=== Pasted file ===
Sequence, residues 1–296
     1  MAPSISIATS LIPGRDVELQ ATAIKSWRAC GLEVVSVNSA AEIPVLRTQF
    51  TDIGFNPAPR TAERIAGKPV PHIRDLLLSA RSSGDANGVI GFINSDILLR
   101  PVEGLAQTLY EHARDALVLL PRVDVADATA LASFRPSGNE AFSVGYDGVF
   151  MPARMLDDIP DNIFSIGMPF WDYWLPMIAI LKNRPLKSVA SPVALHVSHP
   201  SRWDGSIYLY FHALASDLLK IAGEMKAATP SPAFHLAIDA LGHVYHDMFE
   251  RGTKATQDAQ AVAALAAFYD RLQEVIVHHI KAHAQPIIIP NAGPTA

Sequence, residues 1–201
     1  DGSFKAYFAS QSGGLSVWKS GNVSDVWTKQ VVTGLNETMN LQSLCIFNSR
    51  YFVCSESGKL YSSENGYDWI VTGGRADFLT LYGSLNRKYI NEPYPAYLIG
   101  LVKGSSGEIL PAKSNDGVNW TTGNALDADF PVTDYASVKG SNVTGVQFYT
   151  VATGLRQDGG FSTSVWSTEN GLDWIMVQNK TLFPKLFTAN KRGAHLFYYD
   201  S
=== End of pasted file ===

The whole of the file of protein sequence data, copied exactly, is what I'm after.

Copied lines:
Sequence, residues 1–296
     1  MAPSISIATS LIPGRDVELQ ATAIKSWRAC GLEVVSVNSA AEIPVLRTQF
    51  TDIGFNPAPR TAERIAGKPV PHIRDLLLSA RSSGDANGVI GFINSDILLR
   101  PVEGLAQTLY EHARDALVLL PRVDVADATA LASFRPSGNE AFSVGYDGVF
   151  MPARMLDDIP DNIFSIGMPF WDYWLPMIAI LKNRPLKSVA SPVALHVSHP
   201  SRWDGSIYLY FHALASDLLK IAGEMKAATP SPAFHLAIDA LGHVYHDMFE
   251  RGTKATQDAQ AVAALAAFYD RLQEVIVHHI KAHAQPIIIP NAGPTA

Sequence, residues 1–201
     1  DGSFKAYFAS QSGGLSVWKS GNVSDVWTKQ VVTGLNETMN LQSLCIFNSR
    51  YFVCSESGKL YSSENGYDWI VTGGRADFLT LYGSLNRKYI NEPYPAYLIG
   101  LVKGSSGEIL PAKSNDGVNW TTGNALDADF PVTDYASVKG SNVTGVQFYT
   151  VATGLRQDGG FSTSVWSTEN GLDWIMVQNK TLFPKLFTAN KRGAHLFYYD
   201  S